In light of the United Nations passing “Defamation” of Religion as a human rights violation in March (as well as other similar resolutions in previous years), nobody should be surprised at groups and individuals applying more pressure in the social sphere on religious fanaticism – especially when it is taken into account that the anti-defamation resolutions passed are largely a result of the Organisation of the Islamic Conference (OIC), an organisation which has “indicated that the goal of its efforts is the adoption of a binding international covenant against the “defamation of religions”  which is nothing more than an attempt to bring to the West the oppressive blasphemy laws found in many theocratic Muslim nations.
This group has undertaken efforts to give Muslim citizens special protection, which we can confirm, because the original resolution submitted in 1999 was entitled “Defamation of Islam” and later changed to ‘Defamation of Religions’ (which was, ofcourse, necessary in order for the resolution to gain favour of predominately non-Muslim nations) with the aim denoted as:
“…a view to contributing concretely to the prevention and elimination of all such forms of incitement and the consequences of negative stereotyping of religions or beliefs, and their adherents…”
These resolutions, while given the justification of being intended to prevent human rights abuses such as “the propaganda campaign that had been led by the Nazis in the Second World War against the Jews which had led to the Holocaust”  are in essence a deviation from the concept of universal human rights because the resolutions are an attempt to “protect religious institutions and interpretations, rather than individuals, and could help create a new international anti-blasphemy norm.”
The notion that speaking against an idea (which is essentially what religious ideology is) can be thought of as defamation requires us to redefine the term itself, which is generally defined as “the act of making untrue statements about another which damages his/her reputation.”
The idea of defamation, and claiming right to protection from it, is obviously a matter regarding the protection of individuals – not institutions or ideas from criticism. The right of people to speak critically (and even offensively) in regard to an idea or an organisation should always be upheld by a freedom loving society, for if it is not, then the body deciding what speech about an ideology or group is acceptable will be the governing body.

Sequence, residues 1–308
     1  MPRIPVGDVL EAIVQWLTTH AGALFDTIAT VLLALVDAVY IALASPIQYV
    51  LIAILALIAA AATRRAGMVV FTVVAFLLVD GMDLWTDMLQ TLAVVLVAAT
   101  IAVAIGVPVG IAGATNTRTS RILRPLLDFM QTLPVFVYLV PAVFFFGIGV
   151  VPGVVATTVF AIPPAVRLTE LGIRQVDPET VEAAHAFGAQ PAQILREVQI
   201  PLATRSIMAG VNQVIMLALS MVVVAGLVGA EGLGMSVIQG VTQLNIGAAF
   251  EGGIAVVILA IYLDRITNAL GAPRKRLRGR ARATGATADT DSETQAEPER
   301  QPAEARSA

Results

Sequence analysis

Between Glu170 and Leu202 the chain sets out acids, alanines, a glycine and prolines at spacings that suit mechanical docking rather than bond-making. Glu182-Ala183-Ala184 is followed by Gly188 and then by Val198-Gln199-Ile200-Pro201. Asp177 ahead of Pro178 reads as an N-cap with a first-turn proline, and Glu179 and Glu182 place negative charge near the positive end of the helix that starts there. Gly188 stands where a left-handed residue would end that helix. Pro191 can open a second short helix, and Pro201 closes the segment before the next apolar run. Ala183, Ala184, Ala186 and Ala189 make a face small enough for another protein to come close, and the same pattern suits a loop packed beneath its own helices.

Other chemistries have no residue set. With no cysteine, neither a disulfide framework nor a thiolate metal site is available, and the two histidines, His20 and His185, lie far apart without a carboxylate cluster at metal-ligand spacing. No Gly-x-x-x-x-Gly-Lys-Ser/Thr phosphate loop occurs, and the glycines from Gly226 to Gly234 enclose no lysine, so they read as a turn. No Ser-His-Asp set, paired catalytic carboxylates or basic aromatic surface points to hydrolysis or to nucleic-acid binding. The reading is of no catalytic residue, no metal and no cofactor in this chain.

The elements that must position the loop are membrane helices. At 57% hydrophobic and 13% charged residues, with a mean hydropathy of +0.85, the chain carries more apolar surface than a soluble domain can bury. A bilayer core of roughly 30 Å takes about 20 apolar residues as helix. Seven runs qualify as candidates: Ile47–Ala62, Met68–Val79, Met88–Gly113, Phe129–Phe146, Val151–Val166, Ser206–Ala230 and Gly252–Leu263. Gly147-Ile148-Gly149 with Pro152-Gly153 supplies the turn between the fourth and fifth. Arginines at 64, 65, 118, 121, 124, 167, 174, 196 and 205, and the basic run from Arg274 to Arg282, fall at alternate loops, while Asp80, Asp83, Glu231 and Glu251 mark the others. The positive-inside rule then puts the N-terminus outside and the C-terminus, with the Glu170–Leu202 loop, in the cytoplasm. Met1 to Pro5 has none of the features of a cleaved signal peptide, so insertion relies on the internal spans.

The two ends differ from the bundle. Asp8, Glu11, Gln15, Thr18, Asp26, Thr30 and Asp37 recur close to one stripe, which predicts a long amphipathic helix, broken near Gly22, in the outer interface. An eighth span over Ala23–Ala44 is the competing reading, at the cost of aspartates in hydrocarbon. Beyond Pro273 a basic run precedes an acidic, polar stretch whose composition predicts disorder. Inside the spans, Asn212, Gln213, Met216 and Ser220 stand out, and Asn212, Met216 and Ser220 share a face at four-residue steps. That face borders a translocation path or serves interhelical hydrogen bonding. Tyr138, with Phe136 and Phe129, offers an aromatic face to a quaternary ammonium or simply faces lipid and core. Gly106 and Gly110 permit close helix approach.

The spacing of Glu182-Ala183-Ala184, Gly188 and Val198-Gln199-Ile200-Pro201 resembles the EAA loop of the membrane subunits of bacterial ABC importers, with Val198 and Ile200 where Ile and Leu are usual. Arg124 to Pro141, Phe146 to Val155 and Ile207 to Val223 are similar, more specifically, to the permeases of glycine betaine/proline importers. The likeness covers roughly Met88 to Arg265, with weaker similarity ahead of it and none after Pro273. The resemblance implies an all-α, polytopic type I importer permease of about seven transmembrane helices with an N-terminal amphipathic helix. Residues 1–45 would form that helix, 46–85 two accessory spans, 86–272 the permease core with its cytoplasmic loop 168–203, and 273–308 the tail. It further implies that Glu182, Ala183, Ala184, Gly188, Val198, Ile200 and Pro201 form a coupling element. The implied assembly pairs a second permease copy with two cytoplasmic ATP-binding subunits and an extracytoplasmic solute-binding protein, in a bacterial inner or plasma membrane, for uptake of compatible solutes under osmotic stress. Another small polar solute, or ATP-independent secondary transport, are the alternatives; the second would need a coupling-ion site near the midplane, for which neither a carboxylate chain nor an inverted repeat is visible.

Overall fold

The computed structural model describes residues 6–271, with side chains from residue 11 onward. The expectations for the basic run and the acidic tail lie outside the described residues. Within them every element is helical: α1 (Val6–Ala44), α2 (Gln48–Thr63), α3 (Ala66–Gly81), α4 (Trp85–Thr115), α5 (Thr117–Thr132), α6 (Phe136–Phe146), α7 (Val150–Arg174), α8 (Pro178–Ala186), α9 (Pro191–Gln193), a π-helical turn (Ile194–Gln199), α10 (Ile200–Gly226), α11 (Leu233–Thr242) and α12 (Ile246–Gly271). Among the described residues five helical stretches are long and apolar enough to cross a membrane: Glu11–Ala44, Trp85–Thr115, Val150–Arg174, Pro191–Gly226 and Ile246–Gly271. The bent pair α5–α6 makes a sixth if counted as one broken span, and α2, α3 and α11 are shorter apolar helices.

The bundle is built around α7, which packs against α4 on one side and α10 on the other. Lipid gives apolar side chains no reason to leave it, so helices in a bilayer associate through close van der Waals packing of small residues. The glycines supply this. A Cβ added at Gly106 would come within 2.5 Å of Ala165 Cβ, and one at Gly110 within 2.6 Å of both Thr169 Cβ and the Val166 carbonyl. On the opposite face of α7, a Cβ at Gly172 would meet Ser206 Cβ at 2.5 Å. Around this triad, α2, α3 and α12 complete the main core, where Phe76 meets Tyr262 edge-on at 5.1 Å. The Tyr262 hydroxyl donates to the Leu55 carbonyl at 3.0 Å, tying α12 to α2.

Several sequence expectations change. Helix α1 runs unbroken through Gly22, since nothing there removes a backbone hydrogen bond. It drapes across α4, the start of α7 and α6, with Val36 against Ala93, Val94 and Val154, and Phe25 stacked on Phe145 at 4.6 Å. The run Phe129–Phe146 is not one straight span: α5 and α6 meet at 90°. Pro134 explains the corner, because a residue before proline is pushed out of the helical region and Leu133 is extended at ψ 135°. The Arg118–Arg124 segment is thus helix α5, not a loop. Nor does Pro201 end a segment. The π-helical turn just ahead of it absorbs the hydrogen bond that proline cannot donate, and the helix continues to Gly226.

In theory, should a global anti-defamation covenant ever be installed it would be the responsibility of a prior to non-existent governing arm to discern what speech or so-called defamatory acts constitute defamation of a religion – if ever there could be a push to control thought, this is it, and not only that but what a waste of time (and money) such monitoring would be.
Further confirmation that the OIC – the organisation comprised of 57 predominately Muslim nations – has what can only be called a tyrannical view of speaking against Islam comes from the realisation that they appear to consider “any speech that the organization, or even cleric or individual, deems critical to Islam or Muslims to automatically constitute religiously defamatory speech” citing (in their March 2008 Observatory Report on Islamaphobia):
- The publication of cartoons depicting the Prophet Mohammed or Allah in several newspapers
- Pope Benedict’s quotation of a fourteenth-century Byzantine emperor’s allegation that Mohammed was “bad and inhuman” for commanding his followers to spread Islam by the sword
- Dutch MP Geert Wilders’ production of a then-unreleased film which the OIC believed would “vilify” the Qur’an
All of the above-mentioned, are to the civilised mind nothing more than examples of free human thought!
The statement that Islam is ‘violent’ is no more unfair than suggesting that the Prophet Mohammed was a product of history who should be left in the dust of the past, and out of the free world that many would like to see.
Despite Egypt expressing that “negative stereotyping and incitement” are “examples of freedom of expression being ‘misused’…” we must reaffirm that “international human rights law protects individuals” and has no basis in monitoring the security of an idea.
In October the The U.N. Human Rights Council approved a resolution, cosponsored by the U.S. and Egypt:
“It calls on states to condemn and criminalize “any advocacy of national, racial or religious hatred that constitutes incitement to discrimination, hostility or violence.” It also condemns “negative stereotyping of religions and racial groups,” which is of course an oblique reference to accurate reporting about the jihad doctrine and Islamic supremacism — which is always the focus of whining by the Organization of the Islamic Conference and other groups about negative “stereotyping” of Islam.”
Blogger and author Acharya S noted, on the October resolution: “this resolution seems to be appeasing the Islamists who run the UNHRC. No doubt they will continue to push for full censorship of all criticism of Islam in the future.”
For religious liberty to exist, it is an absolute requirement that individuals be able to think and speak as they see fit, without threat of surveillance or sanctions for their views on an organisation or idea – anything else is an attempt at mind control, and will not work among educated citizens. Any abuse that religion receives should be handled by the faithful in an integral way, resolving the issue in an intelligent and humane manner, rather than attempting to silence people.
Silencing criticism only sends it underground.
This article by Brenton Eccles was originally published in December 2009 entitled “DON’T protect religion from defamation.”